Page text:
definitely an Off With Their Heads kinda night
Some poor schmuck is committed to his or her eternal resting place, even though they aren’t quite ready to take that final dirt nap. Scratch marks are later found on the coffin lid along with other desperate signs of escape.
This not only happened, but back in the day it happened with alarming regularity. In the late 19th century, William Tebb tried to compile all the instances of premature burial from medical sources of the day. He managed to collect 219 cases of near-premature burial, 149 cases of actual premature burial and a dozen cases where dissection or embalming had begun on a not-yet-deceased body.
Now, this may seem ridiculous, but keep in mind this was an era before doctors such as the esteemed Dr. Gregory House gained the ability to solve any ailment within 42 minutes. If you went to the doctor with the flu in those days, he’d likely cover you in leeches and prescribe you heroin to suppress your cough. Their only method for determining if a person had died was to lean over their face and scream “WAKE UP” over and over again. If you didn’t react, they buried you.
The concern over being buried alive back then was so real that the must-have hot-ticket item for the wealthy and paranoid were “safety coffins” that allowed those inside to signal to the outside world (usually by ringing a bell or raising some type of flag) should they awake 6-feet under. Though, answering that bell sounds like a good way to get ambushed by a zombie if you ask us.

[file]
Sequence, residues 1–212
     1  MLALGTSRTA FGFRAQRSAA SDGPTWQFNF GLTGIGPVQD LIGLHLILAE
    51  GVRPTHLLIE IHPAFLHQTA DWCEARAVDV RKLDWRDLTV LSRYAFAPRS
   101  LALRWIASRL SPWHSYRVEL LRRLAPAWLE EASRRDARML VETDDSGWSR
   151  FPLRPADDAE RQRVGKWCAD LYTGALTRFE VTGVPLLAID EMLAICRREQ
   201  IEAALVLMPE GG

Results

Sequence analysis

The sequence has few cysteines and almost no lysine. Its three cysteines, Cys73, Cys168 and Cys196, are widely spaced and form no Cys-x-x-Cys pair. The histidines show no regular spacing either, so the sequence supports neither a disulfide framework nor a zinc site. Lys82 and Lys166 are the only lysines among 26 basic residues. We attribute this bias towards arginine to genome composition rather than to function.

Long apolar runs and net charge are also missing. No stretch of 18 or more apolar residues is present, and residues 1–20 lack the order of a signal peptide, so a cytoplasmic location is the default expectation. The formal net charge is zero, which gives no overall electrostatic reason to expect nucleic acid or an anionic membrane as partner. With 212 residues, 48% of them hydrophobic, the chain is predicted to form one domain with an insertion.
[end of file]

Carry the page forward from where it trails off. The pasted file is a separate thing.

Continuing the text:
Unfortunately safety coffins aren’t in vogue anymore, so if you’re at the cemetery and hear a muffled voice calling out “OK guys, joke’s over. Let me out!” it might be a good idea to inform someone with a shovel quickly.
Of course, that last sentence was merely facetious, there’s no way something like this could still happen today. Uh, well, except for this story about a Venezuelan man waking up during his autopsy. On second thought, you might want to consider adding a line in your will that states you’re to be buried with a gas-powered auger in your casket when you go.